Outside the Gated Community: The Reality of Police Violence Towards our Sisters and Brothers of Color
By: Jarrod Cochran
My heart hangs heavy over the events of the past few weeks in my nation, the United States. I speak, of course, to the continued murders of black men and women at the hands of law enforcement. With the advent of modern technology, nearly anyone can record video of events from their cell phone. This technology has helped pull the veil open on police brutality against citizens—especially people of color. These public videos of the murders of countless black men and women have been uncomfortable for many to see. But I think it has been the worst in White, Middle-Class America. For the most part, White Americans have been in denial of what is really happening to our sisters and brothers of color (despite their continued cries for justice). Most of us had convinced ourselves that racism was over and that all of the ideals and dreams that Rev. Dr. Martin Luther King, Jr. had worked for had been accomplished.
We would tell ourselves that, "Sure, there are more blacks incarcerated per capita than whites, but that has to do with upbringing and culture. These people that are crying 'foul' are just people wanting more privileges and to free-load off of the system. After all, Bill Cosby said as much in his 'get tough talks', and he's black." This and similar critiques would be our narratives on black society, all the while ignorant of the inherent racism in our own thought processes. The murders of innocent black men and women at the hands of cops have given rise to a beautiful movement known as Black Lives Matter. These women and men have forced us to look closely at what is going on between the black community and police departments. Furthermore, it has caused us to look deeply at our understanding of race and the systems that perpetuate it.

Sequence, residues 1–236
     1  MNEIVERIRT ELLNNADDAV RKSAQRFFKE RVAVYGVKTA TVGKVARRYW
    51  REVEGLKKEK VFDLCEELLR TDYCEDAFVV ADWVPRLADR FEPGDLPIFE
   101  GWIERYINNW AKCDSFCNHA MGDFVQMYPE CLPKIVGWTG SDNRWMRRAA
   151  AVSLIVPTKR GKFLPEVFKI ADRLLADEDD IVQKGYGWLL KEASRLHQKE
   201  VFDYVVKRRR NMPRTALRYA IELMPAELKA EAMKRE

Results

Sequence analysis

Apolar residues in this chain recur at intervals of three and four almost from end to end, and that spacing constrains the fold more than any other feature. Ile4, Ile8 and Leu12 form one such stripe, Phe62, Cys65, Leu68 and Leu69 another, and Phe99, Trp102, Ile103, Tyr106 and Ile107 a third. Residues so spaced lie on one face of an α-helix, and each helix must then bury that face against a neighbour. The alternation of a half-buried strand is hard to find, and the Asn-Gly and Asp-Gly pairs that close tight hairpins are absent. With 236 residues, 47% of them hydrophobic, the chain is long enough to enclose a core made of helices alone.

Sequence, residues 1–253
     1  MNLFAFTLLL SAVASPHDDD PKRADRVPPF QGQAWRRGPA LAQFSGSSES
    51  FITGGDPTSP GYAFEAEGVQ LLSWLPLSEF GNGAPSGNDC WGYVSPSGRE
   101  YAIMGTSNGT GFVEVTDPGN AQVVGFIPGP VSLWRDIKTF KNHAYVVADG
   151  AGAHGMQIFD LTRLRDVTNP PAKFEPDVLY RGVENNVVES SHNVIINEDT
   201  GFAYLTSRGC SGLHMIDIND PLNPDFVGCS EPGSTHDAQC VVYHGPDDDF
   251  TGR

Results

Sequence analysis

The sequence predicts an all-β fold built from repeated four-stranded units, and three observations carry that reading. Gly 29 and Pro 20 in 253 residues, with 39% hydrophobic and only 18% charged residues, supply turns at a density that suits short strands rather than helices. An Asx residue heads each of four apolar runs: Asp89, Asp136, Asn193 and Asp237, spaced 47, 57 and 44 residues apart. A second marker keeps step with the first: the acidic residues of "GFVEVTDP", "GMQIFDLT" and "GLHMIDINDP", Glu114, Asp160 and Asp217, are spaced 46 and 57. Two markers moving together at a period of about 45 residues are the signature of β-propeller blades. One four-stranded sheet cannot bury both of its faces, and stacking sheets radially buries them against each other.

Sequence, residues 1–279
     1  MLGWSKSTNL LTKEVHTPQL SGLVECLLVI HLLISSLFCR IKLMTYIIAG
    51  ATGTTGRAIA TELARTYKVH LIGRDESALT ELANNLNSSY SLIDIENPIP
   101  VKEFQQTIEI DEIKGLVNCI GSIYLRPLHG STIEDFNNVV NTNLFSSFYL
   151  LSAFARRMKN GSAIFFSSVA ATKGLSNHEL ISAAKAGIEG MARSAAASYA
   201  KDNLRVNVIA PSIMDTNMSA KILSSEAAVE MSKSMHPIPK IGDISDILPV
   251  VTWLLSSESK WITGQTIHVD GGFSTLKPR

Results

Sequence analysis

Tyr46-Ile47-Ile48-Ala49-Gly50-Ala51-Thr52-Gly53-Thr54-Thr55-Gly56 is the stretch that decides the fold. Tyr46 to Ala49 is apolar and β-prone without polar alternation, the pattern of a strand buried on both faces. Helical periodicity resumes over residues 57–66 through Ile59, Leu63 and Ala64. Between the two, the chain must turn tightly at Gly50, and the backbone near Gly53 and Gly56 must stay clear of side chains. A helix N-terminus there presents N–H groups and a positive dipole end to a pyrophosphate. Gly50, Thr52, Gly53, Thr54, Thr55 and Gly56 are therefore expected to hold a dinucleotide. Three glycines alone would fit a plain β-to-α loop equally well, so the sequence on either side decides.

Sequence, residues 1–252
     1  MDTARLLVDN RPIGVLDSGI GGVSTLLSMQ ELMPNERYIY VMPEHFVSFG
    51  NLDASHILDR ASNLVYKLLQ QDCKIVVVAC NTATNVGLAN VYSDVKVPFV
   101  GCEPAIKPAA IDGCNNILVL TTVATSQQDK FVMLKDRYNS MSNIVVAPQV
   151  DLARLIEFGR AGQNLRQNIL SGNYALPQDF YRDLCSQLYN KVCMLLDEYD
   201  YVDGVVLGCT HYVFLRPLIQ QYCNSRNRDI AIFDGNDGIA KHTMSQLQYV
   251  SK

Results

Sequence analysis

In our day and age, it is impossible to not be inundated with information on any particular subject. In no known time has so much information been so freely available and, at the same time, ignorance run so rampant. With these resources at our disposal, we residents of White America have had two options set before us: accept the reality that people of color are being targeted by police departments or double-down on our desire to remain comfortable with the status quo.
By: Joanna Shenk
Note: This article originally appeared at Geez Magazine
I became a pastor recently, which wasn’t the easiest decision. You see, my dad and my grandpa were both pastors. I was steeped in church growing up, always the first there and the last to leave. I didn’t like the expectation of being a good pastor’s kid and rebelled against that image in various ways as a youngster. As an adult, I didn’t want to be perceived as unreflectively joining the “family business” or being religiously narrow in a world that has been oppressed by Christianity for centuries.
When I went to seminary it wasn’t to become a pastor, but rather to work through my theological questions. Definitely some privilege involved in going to graduate school for personal development reasons. And it was a deeply transformative time of reorienting my gaze to see the systemic realities in our world.
In addition to not feeling a pastoral call in seminary, I also wasn’t sure if wanted to be a Christian. And even though I was at Anabaptist Mennonite Biblical Seminary, I also did not identify as Mennonite when I started.
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